Skyfall makers 3D printed Bond's DB5
Exploding cars a la model
The makers of James Bond's latest outing, Skyfall, cut a couple corners in production and used modern 3D printing techniques to fake the decimation of a classic 1960s Aston Martin DB5.
You wouldn't steal a car but now you can download one
The movie studio contacted Augsberg-based 3D print firm Voxeljet to make 1:3 scale replicas of the car for use in explosive scenes during the new film.
The company churned them out through a VX4000 3D printer and shipped the 18-piece DB5 miniatures to London's Propshop where they were assembled, painted and touched up with fake bullet holes, 3ders reports.
The final products were then used to shoot an adrenaline-pumping scene which concludes with the total destruction of the DB5. Badum tish and there goes the spoiler... along with the rest of the car.
Bear that in mind when you spend your weekly wage on popcorn to accompany the extortionate cinema ticket. As impressive as 3D printing has become, Skyfall had a budget of $200m and we don't even get to see a real car explode. Cheapskates.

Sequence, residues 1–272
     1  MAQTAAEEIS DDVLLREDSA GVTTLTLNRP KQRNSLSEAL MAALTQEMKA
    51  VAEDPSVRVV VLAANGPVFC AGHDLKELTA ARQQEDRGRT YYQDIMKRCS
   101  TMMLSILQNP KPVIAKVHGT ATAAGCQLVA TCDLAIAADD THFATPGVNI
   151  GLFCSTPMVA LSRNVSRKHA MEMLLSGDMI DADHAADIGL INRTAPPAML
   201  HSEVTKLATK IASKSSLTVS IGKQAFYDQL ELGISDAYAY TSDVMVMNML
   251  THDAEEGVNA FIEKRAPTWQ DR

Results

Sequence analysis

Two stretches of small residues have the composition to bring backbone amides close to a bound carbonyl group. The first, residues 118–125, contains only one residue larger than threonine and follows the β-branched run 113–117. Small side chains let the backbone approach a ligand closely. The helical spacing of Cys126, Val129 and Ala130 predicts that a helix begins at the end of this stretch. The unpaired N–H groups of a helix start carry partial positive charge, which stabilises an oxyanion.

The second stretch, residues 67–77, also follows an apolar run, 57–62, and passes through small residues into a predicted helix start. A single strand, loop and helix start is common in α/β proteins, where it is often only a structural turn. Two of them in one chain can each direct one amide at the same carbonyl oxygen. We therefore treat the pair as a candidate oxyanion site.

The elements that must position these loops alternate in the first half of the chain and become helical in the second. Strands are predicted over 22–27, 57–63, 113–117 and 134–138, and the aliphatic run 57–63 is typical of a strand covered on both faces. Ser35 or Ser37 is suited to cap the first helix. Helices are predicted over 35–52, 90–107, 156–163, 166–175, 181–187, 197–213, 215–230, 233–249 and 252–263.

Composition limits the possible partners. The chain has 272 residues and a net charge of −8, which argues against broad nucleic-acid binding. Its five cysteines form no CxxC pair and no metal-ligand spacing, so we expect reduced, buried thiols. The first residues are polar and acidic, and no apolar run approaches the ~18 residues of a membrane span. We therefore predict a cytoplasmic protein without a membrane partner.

Vulture Central published plenty of Bond-related articles to coincide with Skyfall's release last month. Unpleasant surprise? We aim to please. ®
As impressive as 3D printing has become, Skyfall had a budget of $200m and we don't even get to see a real car explode. Cheapskates.
No matter what the budget, touching a real DB5 would be sacriledge.
This often illicits the reply
I'm sorry, it often "not legally permitted or authorised"s the reply, does it? I'm curious to see what sort of response that elicits.
Sorry - couldn't resist!
Can we get someone to re-shoot the opening scenes of The Italian Job with printed replicas, please? Then I'll be able to watch that bit without a pillow over my face to block out the horror.
And the mona lisa is just paint on a lump of wood.
It's art, you... you philistine!
Nah I'm kiddin, you're great, really.
"Decimation in modern parlance no longer means 1 tenth, is often used to refer to an extreme reduction."
That's as maybe, but it's still wrong. Like people who type "lightening" when they mean "lightning".......
Oh, so you just saw a "make less heavy" strike, did you?
The pedant in me (becoming more evident as I age) finds it nigh on impossible to ignore such stupidity and forces me to correct them. This often illicits the reply "But my spellchecker didn't pick it up!", the results of which I'll not go into but, suffice it to say, they are not pleasant. :-D